Diplomatic relations      Other relations      No relations

Since medieval times the episcopal see of Rome has been recognized as a sovereign entity. The Holy See (not the State of Vatican City) maintains formal diplomatic relations with 177 sovereign states, the European Union, and the Sovereign Military Order of Malta; 69 of the diplomatic missions accredited to the Holy See are situated in Rome, though those countries then have two embassies in the same city, since, by agreement between the Holy See and Italy, the same person cannot be accredited simultaneously to both. Dual accreditation with a country other than Italy is acceptable, whether the mission is situated in Rome or elsewhere. The Holy See also has relations of a special nature with Russia (Mission with an Ambassador) and the Palestine Liberation Organization (Office with a Director). The Holy See maintains 179 permanent diplomatic missions abroad, of which 73 are non-residential, so that it has in all 106 concrete missions, some of which are accredited not only to the country in which they are situated, but also to one or more other countries or international organizations. The diplomatic activities of the Holy See are directed by the Secretariat of State (headed by the Cardinal Secretary of State), through the Section for Relations with States. There are 16 internationally-recognized states with which the Holy See does not have relations. Nine are Muslim (Afghanistan, Saudi Arabia, Brunei, Comoros, Malaysia, the Maldives, Mauritania, Oman, and Somalia), four are communist states (the People's Republic of China, North Korea, Laos, and Vietnam), two declare Buddhism to be the only stateand legal- religion, Bhutan, Myanmar, as well as Tuvalu. The Holy See has the oldest continuous diplomatic service in the world, tracing its origins to at least as far back as 325 with its original legation to the first Council of Nicaea. The Holy See is the only European subject of international law that has diplomatic relations with Taiwan. It held official relations with China since 1942, and when victory in the Chinese Civil War went to the Communist Party of China, the Holy See’s diplomatic representative chose not to withdraw to Taipei with the Kuomintang government. However, the Communist government expelled him, and the Holy See’s diplomatic mission was then transferred to Taipei. When in 1971 the seat of China at the United Nations was adjudicated to the government of the People’s Republic of China, the Holy See downgraded its mission in Taipei: since then, it has been headed only by a charg� d'affaires. Talks between the mainland government and the Holy See on diplomatic relations have been  reported to be ongoing, with the main issue being the treatment of Catholics in mainland China. The government rejects the Holy See’s spiritual authority over these, and uses the Chinese Patriotic Catholic Association as a means to exclude it.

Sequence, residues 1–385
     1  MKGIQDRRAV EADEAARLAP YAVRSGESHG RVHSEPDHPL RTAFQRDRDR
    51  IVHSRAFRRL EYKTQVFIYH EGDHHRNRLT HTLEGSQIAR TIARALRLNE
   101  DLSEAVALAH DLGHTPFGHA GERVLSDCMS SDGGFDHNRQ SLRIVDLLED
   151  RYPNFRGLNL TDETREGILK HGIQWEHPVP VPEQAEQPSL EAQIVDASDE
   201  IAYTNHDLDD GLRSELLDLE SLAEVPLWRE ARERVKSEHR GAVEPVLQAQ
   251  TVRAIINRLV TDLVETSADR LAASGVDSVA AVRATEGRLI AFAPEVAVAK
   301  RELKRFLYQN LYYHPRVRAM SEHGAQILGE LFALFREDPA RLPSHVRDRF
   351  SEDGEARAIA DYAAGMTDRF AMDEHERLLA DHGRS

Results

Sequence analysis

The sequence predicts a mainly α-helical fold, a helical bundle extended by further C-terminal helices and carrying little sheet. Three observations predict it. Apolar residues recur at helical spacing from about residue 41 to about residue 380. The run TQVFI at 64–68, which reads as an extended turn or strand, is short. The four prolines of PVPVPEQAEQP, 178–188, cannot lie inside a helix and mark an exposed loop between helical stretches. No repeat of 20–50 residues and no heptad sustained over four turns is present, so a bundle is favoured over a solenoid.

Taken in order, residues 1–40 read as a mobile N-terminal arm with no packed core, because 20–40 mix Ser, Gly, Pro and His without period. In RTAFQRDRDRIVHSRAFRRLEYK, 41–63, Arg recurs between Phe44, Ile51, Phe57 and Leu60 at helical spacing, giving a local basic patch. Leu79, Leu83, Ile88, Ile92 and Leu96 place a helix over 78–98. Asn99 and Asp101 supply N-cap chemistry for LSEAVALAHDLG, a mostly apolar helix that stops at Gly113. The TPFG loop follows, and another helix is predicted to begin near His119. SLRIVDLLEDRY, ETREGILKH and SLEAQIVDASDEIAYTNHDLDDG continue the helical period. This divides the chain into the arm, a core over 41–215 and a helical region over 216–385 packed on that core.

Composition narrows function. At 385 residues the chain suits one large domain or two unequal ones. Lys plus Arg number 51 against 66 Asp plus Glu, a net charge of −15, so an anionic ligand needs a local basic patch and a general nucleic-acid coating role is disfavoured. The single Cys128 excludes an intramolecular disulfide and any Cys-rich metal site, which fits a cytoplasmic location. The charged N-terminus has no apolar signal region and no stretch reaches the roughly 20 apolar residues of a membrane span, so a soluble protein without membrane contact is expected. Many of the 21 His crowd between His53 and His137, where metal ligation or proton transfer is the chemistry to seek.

International organizations
The Holy See is especially active in international organizations and is a member of the following groups: